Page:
With most critical incidents there is a trauma that is for all intents and purposes easily identifiable, exact, and circumscribed.  Unless you are the victim, the perpetrator, or the first responder, or a news crew covering the event, the effects are limited to those who are directly involved in the event.  Therefore debriefing and recovery is specific to that group and readily quantifiable.  But our loss is a collective one that transcends most normal boundaries, and has not only changed the face our emergency public safety community but it has changed the collective consciousness of our world, as we know it.   Healing from our collective loss will take time, and what may have worked before may be less effective now.  Additionally, the weight of this loss and trauma is not limited to those who responded physically on scene.  It extends out to us all, and its impact should not be minimized by the collective anxiety we may all feel about the uncertain future.

We’ve been inundated with information, traumatized on more levels then we thought possible, lost more people then we could ever have imagined and yet, like the dispatchers taking the next call we’re still plugging in.  It takes courage to come back for more and it will take even greater courage and fortitude to heal from this. 

 The following represents a short and not all-inclusive list for how to support someone who’s been through a critical incident, such as “9/11.”

 How to Support Someone Who’s Been Through A Critical Incident Such As “9/11”

  • Your attitude is key to effectively supporting someone who has been through such an event.  Whatever the incident, whether “9/11,” another plane crash, an Anthrax scare, or something else, do not treat them as a hero or a fragile victim.  Accept some adjustment reactions as natural and accept that it will take some time to “get back to normal.” In the case of an event such as “9/11,” normal may take a very long time to heal.  There is no timetable and there are no certain circumstances to create it.  Positive peer and family support will greatly facilitate effective coping.
  • Learn about critical incident trauma.  The more you know the more informed your decisions will be and the less likely you will respond to someone else’s feelings reactively.  Know also that people respond to critical incidents differently.
  • Be available!  Take responsibility for initiating contact with your colleagues and friends, but avoid intruding.
  • Accept the response you get from the person.  Do not judge or criticize his or her feelings.  Be interested in the person and not just the “war stories” they might have.  Be empathetic and supportive. 
  • Events of a similar kind might re-stimulate or re-traumatize the person.  Expect the potential for feelings that may emerge over time, particularly when the incident, such as “9/11” or the circumstances are not yet fully resolved or over.  Be patient.  Be hopeful.  It’s not about you.
  • Listen to what is being said.  Dispatchers are fond of talking and feeling some sense of control and mastery over their circumstances.  They are equally adept at concealing their feelings in service to superficial dialogue that gives the appearance of conversation.  Take the time to listen and let them know you hear what is being said.  Avoid biased questioning, interviewing, or talking to the person only from your own vested point of view.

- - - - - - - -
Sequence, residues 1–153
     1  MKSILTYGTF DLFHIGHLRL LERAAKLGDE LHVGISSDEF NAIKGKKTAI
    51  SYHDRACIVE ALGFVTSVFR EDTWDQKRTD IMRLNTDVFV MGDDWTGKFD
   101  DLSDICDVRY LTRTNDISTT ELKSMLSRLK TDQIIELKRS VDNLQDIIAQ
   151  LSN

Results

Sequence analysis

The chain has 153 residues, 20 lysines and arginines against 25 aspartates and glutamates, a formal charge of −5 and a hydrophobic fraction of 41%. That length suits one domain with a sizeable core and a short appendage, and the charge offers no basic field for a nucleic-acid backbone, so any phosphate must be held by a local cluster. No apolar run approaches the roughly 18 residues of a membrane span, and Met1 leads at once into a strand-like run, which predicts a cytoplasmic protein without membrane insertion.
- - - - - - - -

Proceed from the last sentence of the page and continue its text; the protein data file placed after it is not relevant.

• Be a resource.  Listening and validating emotional reactions can be very helpful.  Don’t be afraid to share your experiences as a dispatcher.  You may not have been a first responder to “9/11” but you still have valuable insight and experiences to offer, and can help legitimize another person’s reactions.  Avoid inundating them with your own “stuff.”  Too much of a good thing is exactly that, too much.  This isn’t about you.
  • Don’t give advice.  Avoid relating in a condescending way by telling them how to handle things.   
  • Be sensitive to changes in behavior and moods that indicate a person isn’t coping well.  Gently challenge the real helpfulness and effectiveness of maladaptive behavior.
  • You are not responsible for what happened, nor are you responsible for how the person handled the critical incident.  In an incident such as “9/11” many lives were lost.  It is doubtful that any one dispatcher, regardless of what he or she did or didn’t do greatly affected the outcome of the terribly tragic event.  You are there for support, encouragement and validating emotions, not treatment.
  • Know your limits!  Steer the person to appropriate help when you notice a lack of resolution, maladaptive behavior, declining emotional condition, and other reactions that indicate the need for professional help.  There is no shame in needing additional assistance.  As a friend or colleague, you are giving your friend a gift by saying “no” when you are beyond your own personal expertise.
  • Often, the most beneficial support comes from those who have traveled a similar path.  Again you don’t need to have experienced a  “9/11” to be of some value.  If you have lived through pain and suffering, and growth, from a similar event, share it.  Such self-disclosure normalizes feelings and is invaluable. 
  • Caution: Many people have experienced secondary traumatization in response to “9/11,” meaning that the events themselves were so extraordinary that they themselves have experienced stress significant enough to be classified as trauma.  This is particularly relevant to dispatchers and emergency responders who are routinely exposed to varying levels of trauma on a daily basis.  If helping someone through this critical incident brings up painful feelings and memories for you, ones that you have not yet dealt with, stop.  If your own attitude after your experience was to block it out and press on you may have buried an emotional live wire.  Also realize that someone you are helping may also have unresolved emotions from past incidents unrelated to “9/11” or November’s plane crash.  Again, stop, and strongly encourage that person to seek other sources of assistance, including professional help.

We all need each other, more then ever before.  Despite and because of what has happened, know this: We will prevail.

Regina G. Chace, Ph.D., clinician, researcher, and writer consults with numerous emergency public safety organizations and lectures on a variety of topics, and is currently serving on active duty with the USAF.  With two new books coming out, Dr Chace remains firmly committed to the emergency public safety community, and as always has a special fondness for dispatchers.